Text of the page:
Sumo was all I'd

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Sumo was all I'd hoped and more. Elizabeth was certainly right about the food. I don't need to cook dinner for at least two nights. The caterer delivered yakitori, sandwiches, soramame (huge steamed beans like limas), bento lunch boxes, beer, sake, wine, and ice cream. Plus a bag full of omiyage (gifts) to take home at the end. Tod will deliver anmitsu (fruit with sweet beans), rice crackers, dango and more to the office today as a way of thanking everyone who covered for him while he took the afternoon off.

But even better than the generous quantities of food was the spectacle of these huge, strong, and graceful athletes, pushing and shoving one another around the dohyo (the sacred ring where the action takes place. No women allowed.) We arrived at the end of the lower levels of wrestlers, and watched the middle ranking juryo (literally it means "10 together" but there are more than ten matches) followed by the maku-uchi--the top wrestlers.

It's difficult to explain the rankings and the process by which one obtains a higher ranking but to reach the highest rank, yokozuna, you must not only be a terrific wrestler, but a man of good character. That's something that American sports franchises might want to consider. There are currently two yokozuna: Musashimaru and Takanohana. Takanohana is unbeaten in this Summer tournament.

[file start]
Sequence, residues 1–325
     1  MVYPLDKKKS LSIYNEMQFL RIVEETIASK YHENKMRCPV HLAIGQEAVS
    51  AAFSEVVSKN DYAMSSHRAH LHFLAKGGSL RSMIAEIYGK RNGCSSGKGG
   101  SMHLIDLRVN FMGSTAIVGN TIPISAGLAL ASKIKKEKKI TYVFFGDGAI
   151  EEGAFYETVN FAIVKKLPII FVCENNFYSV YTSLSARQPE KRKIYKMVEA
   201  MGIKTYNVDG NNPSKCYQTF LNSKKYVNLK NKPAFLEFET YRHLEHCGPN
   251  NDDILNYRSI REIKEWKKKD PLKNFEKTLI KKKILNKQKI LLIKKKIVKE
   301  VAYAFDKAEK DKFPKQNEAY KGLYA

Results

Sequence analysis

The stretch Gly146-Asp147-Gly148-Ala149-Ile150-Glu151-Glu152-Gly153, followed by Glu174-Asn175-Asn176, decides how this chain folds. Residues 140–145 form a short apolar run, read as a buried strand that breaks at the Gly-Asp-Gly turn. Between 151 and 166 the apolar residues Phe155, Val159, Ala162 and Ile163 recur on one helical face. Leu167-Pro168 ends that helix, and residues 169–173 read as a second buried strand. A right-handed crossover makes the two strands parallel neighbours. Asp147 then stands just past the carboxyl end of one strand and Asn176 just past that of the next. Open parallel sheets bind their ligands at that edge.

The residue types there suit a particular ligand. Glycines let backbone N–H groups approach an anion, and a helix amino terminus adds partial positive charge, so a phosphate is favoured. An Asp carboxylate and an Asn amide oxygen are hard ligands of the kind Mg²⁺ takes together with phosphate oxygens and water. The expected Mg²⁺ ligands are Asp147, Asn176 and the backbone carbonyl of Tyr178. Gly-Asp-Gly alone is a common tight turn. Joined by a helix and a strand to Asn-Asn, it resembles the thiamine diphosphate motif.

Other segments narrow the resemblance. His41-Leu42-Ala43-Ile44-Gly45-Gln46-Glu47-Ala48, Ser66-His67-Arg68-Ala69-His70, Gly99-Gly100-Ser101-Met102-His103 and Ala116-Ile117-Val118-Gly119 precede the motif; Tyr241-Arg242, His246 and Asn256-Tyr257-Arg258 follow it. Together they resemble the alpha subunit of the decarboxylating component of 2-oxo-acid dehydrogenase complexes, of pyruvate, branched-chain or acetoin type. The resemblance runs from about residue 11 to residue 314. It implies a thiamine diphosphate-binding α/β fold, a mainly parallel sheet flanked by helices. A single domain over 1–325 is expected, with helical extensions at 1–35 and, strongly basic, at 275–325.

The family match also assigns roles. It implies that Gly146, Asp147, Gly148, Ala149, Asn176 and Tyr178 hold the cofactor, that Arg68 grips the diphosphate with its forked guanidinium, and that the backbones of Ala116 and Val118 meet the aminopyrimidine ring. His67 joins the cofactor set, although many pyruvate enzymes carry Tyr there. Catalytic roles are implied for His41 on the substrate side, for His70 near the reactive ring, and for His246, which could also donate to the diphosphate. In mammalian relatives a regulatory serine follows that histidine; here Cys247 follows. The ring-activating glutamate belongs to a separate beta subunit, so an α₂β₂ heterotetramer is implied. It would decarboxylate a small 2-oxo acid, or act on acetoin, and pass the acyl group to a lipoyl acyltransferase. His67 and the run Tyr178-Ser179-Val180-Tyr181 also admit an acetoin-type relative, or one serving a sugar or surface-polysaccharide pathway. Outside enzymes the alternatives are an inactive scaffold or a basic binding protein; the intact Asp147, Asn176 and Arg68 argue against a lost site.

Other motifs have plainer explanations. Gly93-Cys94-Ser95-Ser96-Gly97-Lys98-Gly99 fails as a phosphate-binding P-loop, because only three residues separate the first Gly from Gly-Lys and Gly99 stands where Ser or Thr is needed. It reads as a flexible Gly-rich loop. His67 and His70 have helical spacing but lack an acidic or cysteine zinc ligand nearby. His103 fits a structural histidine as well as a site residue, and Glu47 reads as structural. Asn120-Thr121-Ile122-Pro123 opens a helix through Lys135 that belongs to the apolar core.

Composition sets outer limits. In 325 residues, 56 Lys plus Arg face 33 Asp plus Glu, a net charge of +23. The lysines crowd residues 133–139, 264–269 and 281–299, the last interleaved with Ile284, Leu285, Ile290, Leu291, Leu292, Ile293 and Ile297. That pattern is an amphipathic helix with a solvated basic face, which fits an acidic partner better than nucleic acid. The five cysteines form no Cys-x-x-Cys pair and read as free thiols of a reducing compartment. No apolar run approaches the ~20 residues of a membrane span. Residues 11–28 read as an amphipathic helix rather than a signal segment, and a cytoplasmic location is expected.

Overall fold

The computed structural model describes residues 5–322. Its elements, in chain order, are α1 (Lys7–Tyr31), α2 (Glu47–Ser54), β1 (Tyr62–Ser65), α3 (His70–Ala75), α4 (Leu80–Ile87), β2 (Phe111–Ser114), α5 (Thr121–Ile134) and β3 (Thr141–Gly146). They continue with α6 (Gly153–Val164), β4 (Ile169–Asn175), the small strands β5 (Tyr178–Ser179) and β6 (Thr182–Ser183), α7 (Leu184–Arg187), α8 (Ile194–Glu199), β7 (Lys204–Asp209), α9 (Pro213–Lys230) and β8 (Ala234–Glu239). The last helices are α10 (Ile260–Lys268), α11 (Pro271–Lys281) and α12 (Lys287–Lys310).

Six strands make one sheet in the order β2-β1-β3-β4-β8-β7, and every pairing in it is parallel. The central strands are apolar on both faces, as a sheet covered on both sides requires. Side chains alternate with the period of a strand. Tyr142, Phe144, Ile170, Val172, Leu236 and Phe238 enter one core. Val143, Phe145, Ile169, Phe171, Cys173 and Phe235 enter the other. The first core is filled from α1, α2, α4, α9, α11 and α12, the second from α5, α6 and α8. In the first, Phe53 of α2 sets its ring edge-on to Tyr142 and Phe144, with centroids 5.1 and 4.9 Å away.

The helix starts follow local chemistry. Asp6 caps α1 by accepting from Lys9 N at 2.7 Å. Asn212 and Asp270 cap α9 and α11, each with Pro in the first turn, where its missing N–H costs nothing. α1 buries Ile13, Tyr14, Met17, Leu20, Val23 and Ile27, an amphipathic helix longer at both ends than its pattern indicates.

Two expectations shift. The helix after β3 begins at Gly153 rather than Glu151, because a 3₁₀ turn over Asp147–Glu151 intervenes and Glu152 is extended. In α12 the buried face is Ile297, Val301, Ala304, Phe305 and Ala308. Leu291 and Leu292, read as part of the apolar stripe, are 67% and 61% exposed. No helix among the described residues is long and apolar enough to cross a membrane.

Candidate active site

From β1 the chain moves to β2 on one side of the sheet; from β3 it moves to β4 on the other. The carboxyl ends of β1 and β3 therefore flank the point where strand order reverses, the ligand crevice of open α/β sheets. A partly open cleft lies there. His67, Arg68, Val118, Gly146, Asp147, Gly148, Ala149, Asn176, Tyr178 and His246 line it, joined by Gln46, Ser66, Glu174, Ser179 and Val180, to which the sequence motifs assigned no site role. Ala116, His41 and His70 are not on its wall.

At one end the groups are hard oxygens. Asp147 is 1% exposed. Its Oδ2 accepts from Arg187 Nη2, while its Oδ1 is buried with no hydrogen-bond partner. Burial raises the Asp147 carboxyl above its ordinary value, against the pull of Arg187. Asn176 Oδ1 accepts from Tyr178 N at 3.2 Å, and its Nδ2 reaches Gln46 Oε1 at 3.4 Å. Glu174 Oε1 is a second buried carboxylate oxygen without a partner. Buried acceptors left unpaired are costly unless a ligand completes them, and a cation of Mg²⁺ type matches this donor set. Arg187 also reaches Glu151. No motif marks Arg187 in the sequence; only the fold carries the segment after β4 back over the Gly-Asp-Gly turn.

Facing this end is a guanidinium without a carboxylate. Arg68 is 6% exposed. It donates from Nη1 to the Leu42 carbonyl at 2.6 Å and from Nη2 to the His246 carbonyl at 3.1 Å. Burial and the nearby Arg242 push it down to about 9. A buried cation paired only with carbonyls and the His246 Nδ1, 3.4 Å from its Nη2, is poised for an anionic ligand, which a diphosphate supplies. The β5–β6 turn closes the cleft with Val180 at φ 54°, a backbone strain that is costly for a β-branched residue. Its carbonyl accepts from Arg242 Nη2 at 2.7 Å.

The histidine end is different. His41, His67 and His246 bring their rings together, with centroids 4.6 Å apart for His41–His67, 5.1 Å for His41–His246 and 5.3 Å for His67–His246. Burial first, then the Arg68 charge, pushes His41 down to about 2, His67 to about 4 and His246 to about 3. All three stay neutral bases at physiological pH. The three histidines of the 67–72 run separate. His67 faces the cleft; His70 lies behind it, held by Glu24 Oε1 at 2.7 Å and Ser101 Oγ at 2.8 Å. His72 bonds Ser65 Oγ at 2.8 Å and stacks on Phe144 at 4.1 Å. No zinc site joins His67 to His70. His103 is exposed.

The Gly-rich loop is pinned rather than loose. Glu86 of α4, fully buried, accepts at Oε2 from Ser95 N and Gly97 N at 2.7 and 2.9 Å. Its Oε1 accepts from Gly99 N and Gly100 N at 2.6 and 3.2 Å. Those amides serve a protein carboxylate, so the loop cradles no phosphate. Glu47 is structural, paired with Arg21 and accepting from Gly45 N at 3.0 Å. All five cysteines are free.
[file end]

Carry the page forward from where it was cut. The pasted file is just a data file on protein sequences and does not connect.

Much of the nuance of sumo is incomprehensible to me. There are 82 ways to win a match--mainly variations on pushing, lifting, twisting or dropping your opponent over the ring or to the ground. The judge, who is dressed in a traditional costume that gets more complicated as the ranks rise, has quite a challenging job to determine who wins. He watches carefully but there are also five "line judges" posted around the ring. The five judges can dispute a call. And they did yesterday, coming up on the dohyo and examining footprints and marks on the sand-covered surface. They changed the judge's call. In the old days, the judge would commit harikiri (ritual suicide) when he was wrong. These days, that's not part of the game.

Commerical sponsorship for sports dates back a long time. Although the sumo stadium isn't named "Sony Stadium", matches are sponosred by companies who offer extra prizes and have they banners walked around the ring. Wrestlers are sponsored, too, and the lovely aprons that they wear are actually advertisements for their sponsors. One wrestler, who is from St. Louis, is sponsored by Budweiser. His apron shows the Clydesdale horses.

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